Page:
So the control room MUST have a totally neutral acoustic response. But that is lousy for tracking, rehearsing, and playing music! Musicians need to have some feedback from the room about how their instrument or voice sounds: They want "warmth" and "air" and "life" in the room, so they can "feel" the music, and "get into the groove", as they saying used to go. Put a musician in a lifeless room, and he/she won't like it very much... and won't be able to play well in there. Thus, the room needs to have some character to it: it cannot be neutral lifeless, and transparent.

So, you have two conflicting acoustic needs here. There's a couple of ways of dealing with that, but the best method is to have variable acoustic treatment in many places around the room: several panels that can be rotated, flipped, slid, opened, closed, or whatever, to expose different types of acoustic treatment to the room, as needed. Thus, with one arrangement of the panels, it would be just right for mixing, and with a different arrangement it would be just right for playing / tracking / rehearsing. Here's an example of that: What is variable acoustics? How do I do that?
I have my desk facing a short wall
Good! That's the best stup. With plenty of space behind you, to the back wall. Ideally, the mix position should be about 1 third of the way from the front wall to the back wall. Theoretically, the "best" spot is at 38% of the room depth, but in reality that's just a starting point: it is not a rule! And most engineers prefer a spot that it s bit closer to the front wall than that. So 1/3 of room length is another good starting point, and easier to remember.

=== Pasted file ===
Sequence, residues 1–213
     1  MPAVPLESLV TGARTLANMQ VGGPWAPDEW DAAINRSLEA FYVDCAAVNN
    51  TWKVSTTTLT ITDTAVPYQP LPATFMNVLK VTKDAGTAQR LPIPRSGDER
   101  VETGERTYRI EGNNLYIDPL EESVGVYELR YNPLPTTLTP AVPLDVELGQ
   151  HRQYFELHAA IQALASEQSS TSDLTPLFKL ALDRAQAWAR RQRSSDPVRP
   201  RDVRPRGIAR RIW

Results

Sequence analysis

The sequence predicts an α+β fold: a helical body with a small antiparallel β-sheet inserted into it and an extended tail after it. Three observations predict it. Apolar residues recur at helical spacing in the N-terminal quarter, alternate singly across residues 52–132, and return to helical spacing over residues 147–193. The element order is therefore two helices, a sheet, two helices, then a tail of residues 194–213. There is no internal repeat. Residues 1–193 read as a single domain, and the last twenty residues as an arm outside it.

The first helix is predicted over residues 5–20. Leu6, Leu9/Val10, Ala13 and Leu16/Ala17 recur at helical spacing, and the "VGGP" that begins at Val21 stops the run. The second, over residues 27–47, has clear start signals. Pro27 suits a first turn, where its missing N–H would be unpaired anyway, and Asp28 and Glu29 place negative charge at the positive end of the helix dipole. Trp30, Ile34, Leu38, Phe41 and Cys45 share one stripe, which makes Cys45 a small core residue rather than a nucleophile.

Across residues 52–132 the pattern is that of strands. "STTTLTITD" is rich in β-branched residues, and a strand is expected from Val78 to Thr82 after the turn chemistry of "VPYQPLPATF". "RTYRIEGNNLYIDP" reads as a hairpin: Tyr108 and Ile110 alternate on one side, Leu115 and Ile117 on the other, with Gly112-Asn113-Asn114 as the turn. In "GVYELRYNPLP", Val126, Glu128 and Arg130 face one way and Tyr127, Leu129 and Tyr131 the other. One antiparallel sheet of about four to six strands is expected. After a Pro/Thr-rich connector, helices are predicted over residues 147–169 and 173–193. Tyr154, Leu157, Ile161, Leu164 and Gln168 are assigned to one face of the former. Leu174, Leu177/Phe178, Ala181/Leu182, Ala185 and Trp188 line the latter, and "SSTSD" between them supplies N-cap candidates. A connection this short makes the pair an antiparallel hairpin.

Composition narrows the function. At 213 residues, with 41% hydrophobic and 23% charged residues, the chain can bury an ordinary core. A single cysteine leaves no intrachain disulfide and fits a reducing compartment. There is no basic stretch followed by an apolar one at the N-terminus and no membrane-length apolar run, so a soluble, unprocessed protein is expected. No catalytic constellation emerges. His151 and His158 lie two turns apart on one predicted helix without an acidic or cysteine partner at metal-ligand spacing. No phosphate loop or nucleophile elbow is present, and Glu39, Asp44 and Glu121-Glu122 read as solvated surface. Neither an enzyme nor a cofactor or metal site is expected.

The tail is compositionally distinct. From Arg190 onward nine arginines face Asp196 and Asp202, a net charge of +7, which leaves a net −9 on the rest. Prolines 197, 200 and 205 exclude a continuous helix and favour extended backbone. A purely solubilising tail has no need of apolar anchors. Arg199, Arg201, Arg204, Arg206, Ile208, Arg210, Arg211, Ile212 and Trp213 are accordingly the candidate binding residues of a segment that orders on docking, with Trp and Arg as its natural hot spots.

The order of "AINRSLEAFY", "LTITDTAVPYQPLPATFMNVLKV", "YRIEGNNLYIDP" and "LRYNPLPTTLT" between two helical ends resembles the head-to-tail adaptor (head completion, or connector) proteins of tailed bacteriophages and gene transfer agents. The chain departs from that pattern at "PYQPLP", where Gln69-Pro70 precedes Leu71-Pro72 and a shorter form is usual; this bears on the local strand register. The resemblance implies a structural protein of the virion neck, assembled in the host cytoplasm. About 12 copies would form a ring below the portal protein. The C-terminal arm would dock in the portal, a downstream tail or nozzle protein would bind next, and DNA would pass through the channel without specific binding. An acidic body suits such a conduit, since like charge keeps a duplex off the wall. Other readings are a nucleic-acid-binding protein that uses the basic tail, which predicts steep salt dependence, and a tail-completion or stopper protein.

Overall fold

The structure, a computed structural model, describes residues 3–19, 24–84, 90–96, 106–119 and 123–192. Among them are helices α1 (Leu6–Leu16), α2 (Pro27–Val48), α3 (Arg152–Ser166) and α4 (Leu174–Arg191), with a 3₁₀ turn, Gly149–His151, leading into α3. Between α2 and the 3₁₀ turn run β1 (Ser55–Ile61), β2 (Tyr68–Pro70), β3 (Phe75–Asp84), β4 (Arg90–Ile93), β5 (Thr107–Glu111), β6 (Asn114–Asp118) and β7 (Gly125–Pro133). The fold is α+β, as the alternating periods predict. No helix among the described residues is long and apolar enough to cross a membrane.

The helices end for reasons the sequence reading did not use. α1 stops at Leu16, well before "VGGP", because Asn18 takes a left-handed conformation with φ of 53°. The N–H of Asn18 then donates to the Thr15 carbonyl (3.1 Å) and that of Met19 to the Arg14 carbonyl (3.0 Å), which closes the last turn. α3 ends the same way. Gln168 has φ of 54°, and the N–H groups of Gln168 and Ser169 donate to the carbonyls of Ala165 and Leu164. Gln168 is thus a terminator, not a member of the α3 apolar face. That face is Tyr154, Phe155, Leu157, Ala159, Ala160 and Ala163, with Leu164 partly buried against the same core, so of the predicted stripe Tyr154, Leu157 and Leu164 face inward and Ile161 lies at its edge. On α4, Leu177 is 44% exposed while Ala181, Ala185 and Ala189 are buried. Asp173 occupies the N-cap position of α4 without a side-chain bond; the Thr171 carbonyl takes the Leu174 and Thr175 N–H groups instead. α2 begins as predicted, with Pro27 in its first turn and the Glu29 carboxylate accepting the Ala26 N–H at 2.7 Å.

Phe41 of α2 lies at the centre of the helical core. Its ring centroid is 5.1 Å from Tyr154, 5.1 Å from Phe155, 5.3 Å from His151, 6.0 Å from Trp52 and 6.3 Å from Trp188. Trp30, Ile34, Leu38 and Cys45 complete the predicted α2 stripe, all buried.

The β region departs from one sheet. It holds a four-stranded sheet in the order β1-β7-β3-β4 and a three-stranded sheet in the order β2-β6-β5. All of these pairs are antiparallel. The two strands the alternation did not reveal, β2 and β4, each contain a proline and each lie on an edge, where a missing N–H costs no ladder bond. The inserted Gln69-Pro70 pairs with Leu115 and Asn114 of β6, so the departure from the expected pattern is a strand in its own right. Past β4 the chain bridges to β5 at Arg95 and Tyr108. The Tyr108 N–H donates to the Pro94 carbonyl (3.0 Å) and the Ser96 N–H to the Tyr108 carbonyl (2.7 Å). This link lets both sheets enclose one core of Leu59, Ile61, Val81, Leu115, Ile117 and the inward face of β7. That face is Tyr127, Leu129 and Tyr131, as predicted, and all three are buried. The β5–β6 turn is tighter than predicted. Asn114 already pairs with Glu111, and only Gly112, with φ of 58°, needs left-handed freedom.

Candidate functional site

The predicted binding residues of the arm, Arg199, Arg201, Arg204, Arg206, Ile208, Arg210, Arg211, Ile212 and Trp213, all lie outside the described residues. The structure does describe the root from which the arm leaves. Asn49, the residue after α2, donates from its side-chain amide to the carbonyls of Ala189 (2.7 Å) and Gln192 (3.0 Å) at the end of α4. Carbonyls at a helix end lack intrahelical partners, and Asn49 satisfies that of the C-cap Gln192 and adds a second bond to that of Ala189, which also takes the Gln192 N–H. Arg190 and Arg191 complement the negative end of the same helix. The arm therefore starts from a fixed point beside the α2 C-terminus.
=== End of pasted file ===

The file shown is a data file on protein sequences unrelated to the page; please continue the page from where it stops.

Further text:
where the ceiling is angled overhead.
Not so good, but that can be fixed, or at least improved.

I realize the asymmetrical ceiling is going to be a huge obstacle to ever getting a true stereo image,
Right. It also messes with the definition and center of the sound stage, as well as with your ability to accurately determine directionality and true frequency response. Your ear pinna creates a very specific interference pattern inside your ear canal for each angle that sound waves arrive (that's the purpose of the folds and wrinkles on your ear itself), then your inner-ear and brain use those clues to help determine which way the sound was coming from. But since the interference patterns also affect the frequency response, your brain automatically "corrects" for that, so you don't hear it any more. However, if those intricate interference patterns are messed up by ANOTHER interference pattern, such as from a strong early reflection arriving at a strange angle, then your brain now thinks that the sound came from a slightly different direction, and it "corrects" the frequency response in the wrong way: thus, your directionality AND frequency response are messed up. Yes, the effect is very small, but if you are wanting a high precision mixing environment, then you should do whatever you can to get a symmetric acoustic "signature" around you, that is the same on both sides, and interferes as little as possible with this psycho-acoustic issue.

so I am thinking about building a loft above the mix position.